Fun fact, the Osborne 1 debuted with a price tag equivalent to about $5,000 in today’s value. With a gigantic 9″ screen and twin floppy drives (for making mix tapes, right?) the real miracle of the machine was its portability, something unheard of at the time. The retrocomputing trend is to lovingly and carefully restore these old machines to their former glory, regardless of how clunky or underpowered they are by modern standards. But sometimes they can’t be saved yet it’s still possible to gut and rebuild the machine with modern hardware, like with this Raspberry Pi used to revive an Osborne 1.
Purists will turn their nose up at this one, and we admit that this one feels a little like “restoring” radios from the 30s by chucking out the original chassis and throwing in a streaming player. But [koff1979] went to a lot of effort to keep the original Osborne look and feel in the final product. We imagine that with the original guts replaced by a Pi and a small LCD display taking the place of the 80 character by 24 line CRT, the machine is less strain on the shoulder when carrying it around. (We hear the original Osborne 1 was portable in the same way that an anvil is technically portable.) The Pi runs an emulator to get the original CP/M experience; it even runs Wordstar. The tricky part about this build was making the original keyboard talk to the Pi, which was accomplished with an Arduino that translates key presses to USB.
As an aside, if reading this has given you a twinge of nostalgia and you’re on the Eastern seaboard you may want to check out more vintage gear at the VCF East this weekend. If you hail from Europe, get your hack on with CP/M and a retrocomputing badge at Hackaday Belgrade one wee from now.
We’ve seen the Raspberry Pi pressed into retrocomputing duty before, of course. Here’s one used to emulate a Commodore 1541 disk drive, and another in the laptop Clive Sinclair never built.
Continue reading “Suitcase Computer Reborn With Raspberry Pi Inside”
Increment and decrement. They sound like simple functions. But even the simplest functions can get quite complex in a microprocessor design. Ken Shirriff has written up a great blog post about his reverse engineering of the Z80’s 16-bit increment/decrement circuit. The Zilog Z80 was one of the most popular microprocessors of the 70’s and 80’s. It was used in many classic computers such as the Osborne 1. These machines would often use the Z80 to run the popular CP/M operating system.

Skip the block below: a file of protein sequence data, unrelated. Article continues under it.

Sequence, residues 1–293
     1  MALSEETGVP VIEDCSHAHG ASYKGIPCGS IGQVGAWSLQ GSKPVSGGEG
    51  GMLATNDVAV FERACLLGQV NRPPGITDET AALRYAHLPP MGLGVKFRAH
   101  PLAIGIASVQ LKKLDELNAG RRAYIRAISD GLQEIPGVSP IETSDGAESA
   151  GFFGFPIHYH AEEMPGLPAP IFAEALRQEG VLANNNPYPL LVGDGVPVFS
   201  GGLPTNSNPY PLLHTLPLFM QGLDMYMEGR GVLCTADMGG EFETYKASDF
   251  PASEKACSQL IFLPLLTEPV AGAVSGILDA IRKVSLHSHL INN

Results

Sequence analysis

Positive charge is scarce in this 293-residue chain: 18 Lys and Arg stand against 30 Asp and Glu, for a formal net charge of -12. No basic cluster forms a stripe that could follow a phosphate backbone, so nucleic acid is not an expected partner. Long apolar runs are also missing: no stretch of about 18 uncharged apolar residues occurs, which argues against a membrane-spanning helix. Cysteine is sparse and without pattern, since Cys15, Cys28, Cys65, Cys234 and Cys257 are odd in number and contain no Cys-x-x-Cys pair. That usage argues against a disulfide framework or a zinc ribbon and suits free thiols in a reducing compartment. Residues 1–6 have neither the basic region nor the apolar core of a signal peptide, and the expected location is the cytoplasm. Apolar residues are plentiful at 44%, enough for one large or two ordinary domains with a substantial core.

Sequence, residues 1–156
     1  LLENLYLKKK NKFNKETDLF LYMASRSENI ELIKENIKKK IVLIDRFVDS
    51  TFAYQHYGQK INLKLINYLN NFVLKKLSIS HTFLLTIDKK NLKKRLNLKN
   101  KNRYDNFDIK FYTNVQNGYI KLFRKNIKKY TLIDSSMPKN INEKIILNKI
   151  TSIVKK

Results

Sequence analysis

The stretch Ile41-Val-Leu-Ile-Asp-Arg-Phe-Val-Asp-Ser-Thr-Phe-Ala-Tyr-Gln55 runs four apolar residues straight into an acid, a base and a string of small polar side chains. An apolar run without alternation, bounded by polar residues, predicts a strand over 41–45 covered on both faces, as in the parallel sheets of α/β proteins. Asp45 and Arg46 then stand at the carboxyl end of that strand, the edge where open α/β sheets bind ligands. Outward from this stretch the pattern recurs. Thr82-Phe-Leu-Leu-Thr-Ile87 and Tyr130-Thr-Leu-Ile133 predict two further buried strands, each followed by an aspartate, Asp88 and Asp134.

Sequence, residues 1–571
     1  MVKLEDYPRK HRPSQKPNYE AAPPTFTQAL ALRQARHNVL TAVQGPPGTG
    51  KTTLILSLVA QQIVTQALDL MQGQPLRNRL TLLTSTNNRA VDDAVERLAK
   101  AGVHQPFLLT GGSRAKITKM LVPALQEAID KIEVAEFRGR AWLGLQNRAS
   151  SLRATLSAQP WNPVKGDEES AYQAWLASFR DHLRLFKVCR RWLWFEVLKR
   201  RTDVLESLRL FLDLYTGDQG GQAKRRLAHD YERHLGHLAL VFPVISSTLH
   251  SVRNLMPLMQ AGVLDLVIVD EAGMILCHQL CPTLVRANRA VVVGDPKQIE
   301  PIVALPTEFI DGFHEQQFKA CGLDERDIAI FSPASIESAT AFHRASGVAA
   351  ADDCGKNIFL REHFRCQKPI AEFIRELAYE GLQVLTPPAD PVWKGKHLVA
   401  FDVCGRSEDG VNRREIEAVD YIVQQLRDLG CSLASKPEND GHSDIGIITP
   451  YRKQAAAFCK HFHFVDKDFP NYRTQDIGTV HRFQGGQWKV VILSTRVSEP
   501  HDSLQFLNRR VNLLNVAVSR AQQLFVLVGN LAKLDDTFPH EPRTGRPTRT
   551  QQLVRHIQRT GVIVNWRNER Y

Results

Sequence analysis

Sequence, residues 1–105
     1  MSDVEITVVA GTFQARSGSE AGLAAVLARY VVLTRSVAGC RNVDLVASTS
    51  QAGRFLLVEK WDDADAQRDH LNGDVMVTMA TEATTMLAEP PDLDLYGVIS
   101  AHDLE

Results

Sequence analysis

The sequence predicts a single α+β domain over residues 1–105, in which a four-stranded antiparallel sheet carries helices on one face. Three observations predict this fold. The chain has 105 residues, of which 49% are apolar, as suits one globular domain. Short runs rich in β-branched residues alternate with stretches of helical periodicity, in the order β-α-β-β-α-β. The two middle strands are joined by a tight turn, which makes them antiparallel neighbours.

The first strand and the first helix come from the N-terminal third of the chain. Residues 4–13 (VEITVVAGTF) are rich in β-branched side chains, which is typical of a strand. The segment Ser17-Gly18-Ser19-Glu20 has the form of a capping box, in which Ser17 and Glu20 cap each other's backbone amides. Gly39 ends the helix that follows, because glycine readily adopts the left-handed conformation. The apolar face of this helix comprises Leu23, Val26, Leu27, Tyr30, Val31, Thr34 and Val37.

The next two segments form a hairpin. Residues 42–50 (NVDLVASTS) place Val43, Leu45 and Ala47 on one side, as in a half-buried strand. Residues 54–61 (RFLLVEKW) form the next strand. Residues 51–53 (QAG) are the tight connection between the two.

The increment/decrement circuit is responsible for updating the program counter register during normal (non branch) operations. The increment/decrement circuit also handles the stack pointer register during stack operations, as well as several other functions. One might wonder why a separate adder would be used when the microprocessor has a big ALU available to it. The answer is twofold. First the ALU is already in use handling user math operations. Secondly the increment/decrement circuit has to be fast. A generic ALU just won’t be fast enough.
One classic adding circuit is a Ripple Carry Adder. Ripple Carry Adders get the job done, but they are slow. Note slow is measured in nanoseconds here – there are no clocks involved in the circuit. The whole thing becomes a classic combinational logic optimization problem. Each layer of logic adds a gate delay to the circuit. As the carry has to ripple through all 16 bits, there are 16 gate delays before the final result is available at the outputs. Delays like these are what limits the maximum clock speed for a given circuit.
The Z80 uses some tricks in its increment/decrement circuit. The first is Carry-lookahead. A carry-lookahead circuit will calculate the carry values directly from the inputs. This reduces the gate delays significantly, but it requires more real estate on the die. A second trick is the carry-skip circuit. Carry-skip calculates the result for groups of bits rather than each bit individually. Again, it will reduce gate delays, at the cost of real estate. The actual Z80 implementation uses a mix of both circuits. Several other “helper” circuits are also used. Surprisingly the Z80 has specific logic just to check for 1 (0x0001) on the internal address bus. This circuit is used during memory move loops to inform other parts of the chip that a loop is about to complete.